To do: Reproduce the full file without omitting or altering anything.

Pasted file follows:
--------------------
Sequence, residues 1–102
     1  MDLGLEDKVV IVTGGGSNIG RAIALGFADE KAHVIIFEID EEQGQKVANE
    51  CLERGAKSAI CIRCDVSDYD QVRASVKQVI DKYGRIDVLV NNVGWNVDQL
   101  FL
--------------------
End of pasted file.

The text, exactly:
Sequence, residues 1–102
     1  MDLGLEDKVV IVTGGGSNIG RAIALGFADE KAHVIIFEID EEQGQKVANE
    51  CLERGAKSAI CIRCDVSDYD QVRASVKQVI DKYGRIDVLV NNVGWNVDQL
   101  FL